Both pant legs also have a very long zipper to help you pull the pants on over your legs with shoes already on, which would happen if it started raining in the middle of your ride or commute and you wanted to put the pants on without removing shoes.
All the seams inside the pants are taped, which keeps water from intruding at the points of stitching. Taped seams are not all made the same, but the seams on these pants are on par with higher end rain gear that I’ve seen or own.
I’ve spent the last three months using these pants on any day where it rains, in temperatures as low as 35 degrees and as high as 60 degrees (this winter was unfortunately devoid of snow for me, otherwise I would have gladly tested then as well!).
The Artex material does a wonderful job blocking the wind, and on dry mornings where I wore the pants expecting rain they were plenty warm despite their baggy fit compared to the tights I’m used to, and with my winter boots and heavy wool socks I had no problem staying warm wearing nothing underneath the pants except standard summer-weight cycling shorts.
In the rain the water truly beaded right off the pants, and even in an hour-long ride in torrential rain, the pants never felt like they were starting to soak up water and my legs remained completely dry.
The only time my legs actually ever felt wet was that day where I tried them at 60 degrees, and the wet was from a little bit of sweat and not rain. I was expecting to get far sweatier than I did but the Artex material apparently breathes really well.
The tricky part with the pants, though, is making sure they’re long enough throughout your pedal stroke. It doesn’t matter that they fit perfectly while standing up if they can’t cover your shoes when pedaling (these are pants for the bike, after all!), otherwise water will just run down into your shoes.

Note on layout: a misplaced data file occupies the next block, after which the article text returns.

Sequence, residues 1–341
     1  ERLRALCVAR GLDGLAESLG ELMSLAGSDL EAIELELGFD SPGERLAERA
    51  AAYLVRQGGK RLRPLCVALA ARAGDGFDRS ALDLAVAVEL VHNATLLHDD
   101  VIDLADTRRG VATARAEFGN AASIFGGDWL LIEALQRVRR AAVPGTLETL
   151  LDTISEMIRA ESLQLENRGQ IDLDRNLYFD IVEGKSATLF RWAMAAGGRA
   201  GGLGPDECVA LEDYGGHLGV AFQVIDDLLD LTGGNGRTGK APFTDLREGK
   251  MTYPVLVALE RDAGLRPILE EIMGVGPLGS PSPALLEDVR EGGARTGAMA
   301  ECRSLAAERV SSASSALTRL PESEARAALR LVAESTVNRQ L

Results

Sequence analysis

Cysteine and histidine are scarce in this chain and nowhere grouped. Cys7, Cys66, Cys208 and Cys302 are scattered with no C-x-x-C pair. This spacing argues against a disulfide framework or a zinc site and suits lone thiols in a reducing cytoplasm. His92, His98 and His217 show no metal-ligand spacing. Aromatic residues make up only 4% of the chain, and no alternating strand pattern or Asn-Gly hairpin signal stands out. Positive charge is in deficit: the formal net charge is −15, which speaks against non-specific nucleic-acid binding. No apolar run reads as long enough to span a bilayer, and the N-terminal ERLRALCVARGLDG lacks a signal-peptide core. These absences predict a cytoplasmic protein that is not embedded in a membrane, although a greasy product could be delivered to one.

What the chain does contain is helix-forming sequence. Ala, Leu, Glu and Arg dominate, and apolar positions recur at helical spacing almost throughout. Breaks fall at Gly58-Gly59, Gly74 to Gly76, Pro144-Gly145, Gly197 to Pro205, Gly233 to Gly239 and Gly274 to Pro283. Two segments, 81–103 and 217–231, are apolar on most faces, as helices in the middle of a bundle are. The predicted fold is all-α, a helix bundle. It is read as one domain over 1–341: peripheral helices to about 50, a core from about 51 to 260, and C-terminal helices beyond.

At the bottom of my pedal stroke, the length was perfect, nearly the same as when standing up.
When at the top of my pedal stroke with my knee bend the most the coverage did not look as good as at the bottom of the stroke, but it was still enough to cover my shoes and prevent water intrusion.
I will admit that on longer rides and heavier rain the cuffs of my shoes, and occasionally the tops of my socks extending past the shoes, did get wet a little from splashing, but I expect that’s likely to happen with nearly any pant and my feet overall were still completely dry after changing socks.
I really can’t say enough how impressed with these pants, especially at the price of a little over a hundred dollars when high-quality rain gear often costs two or three times that.
My only real complaint with them is that they lack the reflective material on the rear that Showers Pass’s higher-end pants have, but I hope you have enough lights and reflective gear on you and the bike otherwise for that to not be an issue.
I highly recommend these pants, and while I’d suggest you try them on before you buy at your local bike shop (don’t showroom your local bike shop!), if you trust size charts enough you could also pick them up on Amazon here.